Oats remain a food of debate. While ‘pure’ oats may be safe for some celiacs, it is very difficult to find ‘pure’ oats that are grown and processed in the U.S.A. Some celiacs are able to consume oats imported from Ireland, while others have reactions to them. Even the safe flours (rice, potato, tapioca, bean) can be contaminated if they are milled or processed in a facility that processes wheat, rye or barley grains. A call to the processing company will tell you if they have machinery and facilities dedicated to gluten-free grains only. If you purchase imported flours from an oriental store, you obviously are not able to contact the manufacturer. Many of the Asian plants are dedicated exclusively to processing rice products, especially those in Thailand, but some are not. It is your personal decision whether or not to trust the purity of items purchased from abroad.
Reading labels is a highly refined art form. Not-so-obvious terms on labels signal gluten, like malt, graham, spelt, kamut. If you pick up a jar of chili powder it may or may not contain wheat flour which can be added to keep it from clumping—but even if it does you likely won’t find wheat listed on the label. There are foods that you think are 100% pure, but when you examine the label, other ingredients have been added, like tomato paste. Rice syrup may use barley enzymes. Yeast may be grown or dried using wheat or barely ingredients.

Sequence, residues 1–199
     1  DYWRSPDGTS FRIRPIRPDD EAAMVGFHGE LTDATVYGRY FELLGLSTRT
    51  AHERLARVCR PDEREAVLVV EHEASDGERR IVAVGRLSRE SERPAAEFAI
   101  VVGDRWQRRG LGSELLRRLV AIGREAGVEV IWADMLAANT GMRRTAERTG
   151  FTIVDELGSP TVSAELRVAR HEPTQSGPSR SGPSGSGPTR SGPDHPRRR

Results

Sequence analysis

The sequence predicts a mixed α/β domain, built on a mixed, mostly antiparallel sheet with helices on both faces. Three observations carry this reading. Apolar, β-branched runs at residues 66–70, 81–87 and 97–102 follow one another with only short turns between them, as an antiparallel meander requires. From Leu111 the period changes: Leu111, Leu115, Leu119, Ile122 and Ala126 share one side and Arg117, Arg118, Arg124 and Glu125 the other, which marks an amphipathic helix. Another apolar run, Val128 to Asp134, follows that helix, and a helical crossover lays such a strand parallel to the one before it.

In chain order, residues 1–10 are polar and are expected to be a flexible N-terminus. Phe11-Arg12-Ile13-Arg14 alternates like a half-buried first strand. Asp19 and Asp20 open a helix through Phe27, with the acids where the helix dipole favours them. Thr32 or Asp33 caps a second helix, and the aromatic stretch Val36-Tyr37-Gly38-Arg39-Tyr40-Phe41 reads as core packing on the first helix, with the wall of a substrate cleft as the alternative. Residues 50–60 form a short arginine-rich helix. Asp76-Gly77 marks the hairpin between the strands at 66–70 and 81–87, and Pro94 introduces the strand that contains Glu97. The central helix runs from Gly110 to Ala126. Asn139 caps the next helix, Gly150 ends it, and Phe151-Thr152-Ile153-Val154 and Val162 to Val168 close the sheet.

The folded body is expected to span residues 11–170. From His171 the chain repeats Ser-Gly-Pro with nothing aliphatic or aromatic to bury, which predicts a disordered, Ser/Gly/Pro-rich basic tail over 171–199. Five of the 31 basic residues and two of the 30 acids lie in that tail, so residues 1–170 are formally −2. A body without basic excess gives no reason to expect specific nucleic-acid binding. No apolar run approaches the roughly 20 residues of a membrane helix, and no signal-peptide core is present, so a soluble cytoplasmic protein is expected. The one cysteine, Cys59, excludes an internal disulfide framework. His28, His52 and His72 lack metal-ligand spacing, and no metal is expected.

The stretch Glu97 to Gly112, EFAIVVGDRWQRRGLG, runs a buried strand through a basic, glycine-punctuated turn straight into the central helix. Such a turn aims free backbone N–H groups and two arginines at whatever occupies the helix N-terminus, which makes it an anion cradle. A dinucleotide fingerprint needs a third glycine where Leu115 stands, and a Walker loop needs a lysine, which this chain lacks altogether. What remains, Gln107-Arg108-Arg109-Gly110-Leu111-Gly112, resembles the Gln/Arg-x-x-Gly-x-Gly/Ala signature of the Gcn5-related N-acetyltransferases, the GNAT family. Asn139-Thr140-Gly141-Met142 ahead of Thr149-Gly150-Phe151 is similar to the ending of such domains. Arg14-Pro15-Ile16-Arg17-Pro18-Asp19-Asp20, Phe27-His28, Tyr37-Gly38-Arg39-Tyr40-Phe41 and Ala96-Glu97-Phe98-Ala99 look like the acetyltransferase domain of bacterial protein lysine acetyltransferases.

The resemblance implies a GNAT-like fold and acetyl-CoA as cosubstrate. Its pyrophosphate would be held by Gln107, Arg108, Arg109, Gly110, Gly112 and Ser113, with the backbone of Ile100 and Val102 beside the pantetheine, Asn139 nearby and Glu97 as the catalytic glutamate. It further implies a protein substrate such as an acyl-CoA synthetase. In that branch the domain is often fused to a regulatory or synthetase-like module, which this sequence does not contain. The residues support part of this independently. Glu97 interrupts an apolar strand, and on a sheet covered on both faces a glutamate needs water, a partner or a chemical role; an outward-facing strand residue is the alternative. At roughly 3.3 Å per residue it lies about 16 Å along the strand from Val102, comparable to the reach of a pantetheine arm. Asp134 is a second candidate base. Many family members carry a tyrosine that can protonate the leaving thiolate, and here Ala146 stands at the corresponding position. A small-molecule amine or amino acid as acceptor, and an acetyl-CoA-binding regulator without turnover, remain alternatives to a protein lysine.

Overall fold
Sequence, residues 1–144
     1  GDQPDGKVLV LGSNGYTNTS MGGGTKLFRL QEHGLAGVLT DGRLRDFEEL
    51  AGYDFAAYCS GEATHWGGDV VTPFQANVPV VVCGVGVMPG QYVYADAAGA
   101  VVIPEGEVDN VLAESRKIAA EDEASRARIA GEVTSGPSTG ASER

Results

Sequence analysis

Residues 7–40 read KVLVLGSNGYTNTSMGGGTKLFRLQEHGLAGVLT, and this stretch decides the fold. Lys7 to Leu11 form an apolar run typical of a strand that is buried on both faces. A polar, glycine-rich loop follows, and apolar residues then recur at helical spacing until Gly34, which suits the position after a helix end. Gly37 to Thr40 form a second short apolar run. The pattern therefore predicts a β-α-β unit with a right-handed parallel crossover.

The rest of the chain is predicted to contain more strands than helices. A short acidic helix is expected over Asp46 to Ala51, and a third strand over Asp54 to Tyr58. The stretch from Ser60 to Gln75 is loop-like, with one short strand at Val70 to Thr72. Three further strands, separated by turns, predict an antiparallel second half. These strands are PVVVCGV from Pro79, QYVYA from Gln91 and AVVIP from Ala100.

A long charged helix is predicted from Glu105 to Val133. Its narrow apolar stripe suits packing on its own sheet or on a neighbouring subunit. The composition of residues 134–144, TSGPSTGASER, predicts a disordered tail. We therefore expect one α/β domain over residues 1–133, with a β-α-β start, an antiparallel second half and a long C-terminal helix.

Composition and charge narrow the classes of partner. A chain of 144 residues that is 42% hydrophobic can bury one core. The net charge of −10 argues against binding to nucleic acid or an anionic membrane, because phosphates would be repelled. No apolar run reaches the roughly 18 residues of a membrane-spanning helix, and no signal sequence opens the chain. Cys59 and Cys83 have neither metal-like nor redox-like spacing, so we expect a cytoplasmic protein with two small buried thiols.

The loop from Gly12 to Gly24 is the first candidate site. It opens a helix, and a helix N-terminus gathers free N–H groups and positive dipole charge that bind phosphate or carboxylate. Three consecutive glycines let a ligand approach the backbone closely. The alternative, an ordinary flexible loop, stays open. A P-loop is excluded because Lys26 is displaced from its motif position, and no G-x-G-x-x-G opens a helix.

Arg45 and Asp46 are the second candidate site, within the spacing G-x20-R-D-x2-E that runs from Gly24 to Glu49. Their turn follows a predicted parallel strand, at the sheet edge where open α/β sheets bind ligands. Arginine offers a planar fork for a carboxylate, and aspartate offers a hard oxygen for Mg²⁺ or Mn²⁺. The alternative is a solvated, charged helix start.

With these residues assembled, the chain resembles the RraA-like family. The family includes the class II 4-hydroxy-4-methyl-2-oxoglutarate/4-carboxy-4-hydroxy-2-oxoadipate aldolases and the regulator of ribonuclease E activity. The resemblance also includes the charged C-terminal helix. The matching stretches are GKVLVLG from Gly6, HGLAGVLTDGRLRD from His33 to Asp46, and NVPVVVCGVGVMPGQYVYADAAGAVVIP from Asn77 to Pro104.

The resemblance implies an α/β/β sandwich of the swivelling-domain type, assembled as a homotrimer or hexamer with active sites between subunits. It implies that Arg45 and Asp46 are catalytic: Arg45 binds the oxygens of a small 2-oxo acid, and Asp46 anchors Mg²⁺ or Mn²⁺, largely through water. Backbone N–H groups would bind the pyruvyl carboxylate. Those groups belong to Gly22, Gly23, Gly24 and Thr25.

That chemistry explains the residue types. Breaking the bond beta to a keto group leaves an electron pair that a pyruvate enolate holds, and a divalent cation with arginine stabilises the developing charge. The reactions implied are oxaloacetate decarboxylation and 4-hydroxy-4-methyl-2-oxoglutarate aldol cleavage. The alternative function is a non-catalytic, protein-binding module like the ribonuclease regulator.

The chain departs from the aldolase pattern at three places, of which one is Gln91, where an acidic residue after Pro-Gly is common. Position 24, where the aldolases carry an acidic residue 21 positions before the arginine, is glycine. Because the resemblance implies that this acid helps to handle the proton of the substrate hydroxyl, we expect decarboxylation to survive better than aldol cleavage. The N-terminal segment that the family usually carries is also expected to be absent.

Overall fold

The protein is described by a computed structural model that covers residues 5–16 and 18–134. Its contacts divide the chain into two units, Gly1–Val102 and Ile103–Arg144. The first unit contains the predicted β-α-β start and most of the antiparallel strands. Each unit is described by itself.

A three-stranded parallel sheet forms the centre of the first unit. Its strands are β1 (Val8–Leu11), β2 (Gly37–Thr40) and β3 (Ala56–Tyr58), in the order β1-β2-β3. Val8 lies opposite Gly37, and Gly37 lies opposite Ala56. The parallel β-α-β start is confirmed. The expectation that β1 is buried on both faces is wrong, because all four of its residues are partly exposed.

At the grocery store beware of anything that is processed. If it is not a whole food, it may contain gluten. Common culprits include rice or corn cereals, soups, snack foods, lunch meats, sausages, and hot dogs. Shortening may contain vitamin E processed from wheat germ.
Just when you thought it couldn’t get any more confusing, you find hieroglyphics on labels. Letters like HVP (hydrogenated vegetable protein), HPP (hydrolyzed plant protein), and TVP (textured vegetable protein). Other confusing ingredients are maltodextrin, stabilizers, binders, fillers, natural flavor, vegetable gums, and mono & diglycerides, to name just a few. Enriched products should be avoided unless you are certain of the sources of ‘enrichment’. See the Safe & Forbidden Lists for detailed lists of ingredients and their gluten-free status.
Finally, re-check labels each time you buy a product. Companies change their recipes periodically. Duncan Hines Vanilla Ready-to-Spread Frosting used to be gluten-free, as were Pringles Potato Chips—but both manufacturers recently began adding wheat starch to these products. It should be noted that Duncan Hines received so many letters and calls of protest about wheat being added to their frosting that they have switched back to the original gluten-free recipe—but check the label before purchasing. Product ingredients may change from one batch to another. Cool Whip usually does not contain wheat, but occasionally it is added. Archway macaroons are sometimes made with potato starch and sometimes with wheat starch.